Not only are some countries richer than others, but the differences also seem to be stubbornly persistent – with many countries stagnating and, over time, becoming even poorer relative to more-advanced economies. Significant differences and possibilities for stagnation also occur between cities and regions within countries, even when they have similar levels of education and capital. Moreover, since comparatively educated and trained labor is systematically cheaper in some of the poorer locations, entrepreneurs or highly-skilled migrants stand to benefit from large arbitrage opportunities by moving to a location, hiring the cheaper labor and competing locally or internationally.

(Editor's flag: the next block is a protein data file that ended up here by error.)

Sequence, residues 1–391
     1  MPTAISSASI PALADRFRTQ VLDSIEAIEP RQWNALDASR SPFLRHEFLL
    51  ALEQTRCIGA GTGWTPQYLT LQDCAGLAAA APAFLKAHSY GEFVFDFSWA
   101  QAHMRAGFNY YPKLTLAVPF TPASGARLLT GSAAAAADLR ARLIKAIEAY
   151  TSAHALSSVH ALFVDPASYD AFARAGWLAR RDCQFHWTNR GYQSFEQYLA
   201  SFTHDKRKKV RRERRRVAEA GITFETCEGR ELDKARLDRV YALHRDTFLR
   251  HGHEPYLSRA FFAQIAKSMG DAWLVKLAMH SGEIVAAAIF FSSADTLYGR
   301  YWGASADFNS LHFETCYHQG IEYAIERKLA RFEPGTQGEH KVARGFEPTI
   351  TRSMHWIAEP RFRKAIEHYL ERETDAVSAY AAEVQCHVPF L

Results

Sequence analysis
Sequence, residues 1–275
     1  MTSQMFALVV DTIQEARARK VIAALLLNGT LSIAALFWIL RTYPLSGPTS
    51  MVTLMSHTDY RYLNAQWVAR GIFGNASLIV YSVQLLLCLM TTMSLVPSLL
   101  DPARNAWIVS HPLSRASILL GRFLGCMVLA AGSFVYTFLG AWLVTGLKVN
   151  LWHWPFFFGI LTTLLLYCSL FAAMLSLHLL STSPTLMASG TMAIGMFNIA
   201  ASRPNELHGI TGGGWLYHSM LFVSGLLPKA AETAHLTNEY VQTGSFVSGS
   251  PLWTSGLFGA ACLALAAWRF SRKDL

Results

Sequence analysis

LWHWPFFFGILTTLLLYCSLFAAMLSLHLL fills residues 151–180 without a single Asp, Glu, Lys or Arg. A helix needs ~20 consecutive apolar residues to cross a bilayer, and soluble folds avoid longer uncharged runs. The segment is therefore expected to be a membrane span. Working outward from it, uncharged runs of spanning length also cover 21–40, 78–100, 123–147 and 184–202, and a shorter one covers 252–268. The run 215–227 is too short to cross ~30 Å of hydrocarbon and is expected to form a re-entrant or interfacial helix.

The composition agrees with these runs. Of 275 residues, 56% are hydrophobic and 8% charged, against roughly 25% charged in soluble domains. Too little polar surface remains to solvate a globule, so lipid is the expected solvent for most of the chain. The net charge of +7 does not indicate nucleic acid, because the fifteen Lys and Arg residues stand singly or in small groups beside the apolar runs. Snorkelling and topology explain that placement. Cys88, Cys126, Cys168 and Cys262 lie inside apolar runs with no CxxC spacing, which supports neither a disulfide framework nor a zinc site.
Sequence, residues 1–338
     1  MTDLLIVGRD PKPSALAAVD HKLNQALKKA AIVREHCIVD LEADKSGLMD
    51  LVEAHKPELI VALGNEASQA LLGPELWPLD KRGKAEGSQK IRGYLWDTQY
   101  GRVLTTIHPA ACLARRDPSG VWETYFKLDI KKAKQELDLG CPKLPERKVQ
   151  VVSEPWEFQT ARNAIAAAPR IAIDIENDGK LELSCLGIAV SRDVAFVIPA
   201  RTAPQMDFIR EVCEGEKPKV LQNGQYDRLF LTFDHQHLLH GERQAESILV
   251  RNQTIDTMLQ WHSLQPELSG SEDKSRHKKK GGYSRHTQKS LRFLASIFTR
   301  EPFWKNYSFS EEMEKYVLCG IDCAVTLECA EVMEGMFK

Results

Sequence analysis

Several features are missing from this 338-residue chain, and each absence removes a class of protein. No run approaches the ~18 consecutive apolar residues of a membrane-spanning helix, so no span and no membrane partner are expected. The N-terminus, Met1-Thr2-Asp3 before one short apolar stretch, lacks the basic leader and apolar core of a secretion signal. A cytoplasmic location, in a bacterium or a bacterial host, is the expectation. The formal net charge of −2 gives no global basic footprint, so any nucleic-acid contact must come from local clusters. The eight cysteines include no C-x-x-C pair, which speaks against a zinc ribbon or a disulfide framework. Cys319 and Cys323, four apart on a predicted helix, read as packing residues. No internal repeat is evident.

The primary research question is: Why doesn’t migration, joint ventures and foreign direct investment rapidly diffuse technology by investing in or moving to cheaper locations? An answer to this question, both theoretically and empirically, is central to development economics, urban economics, regional studies, and growth. To address these questions, we propose a new theoretical model with workers tied to a location and managers who embody the technology and can easily move to use cheap labor. Even if there are no direct costs of adopting new technologies or migrating between locations, coordination frictions (i.e., the difficulty of hiring well-matched resources/employees and coordinating their production) are enough to explain why technology can be slow to diffuse in economies with production complementarities.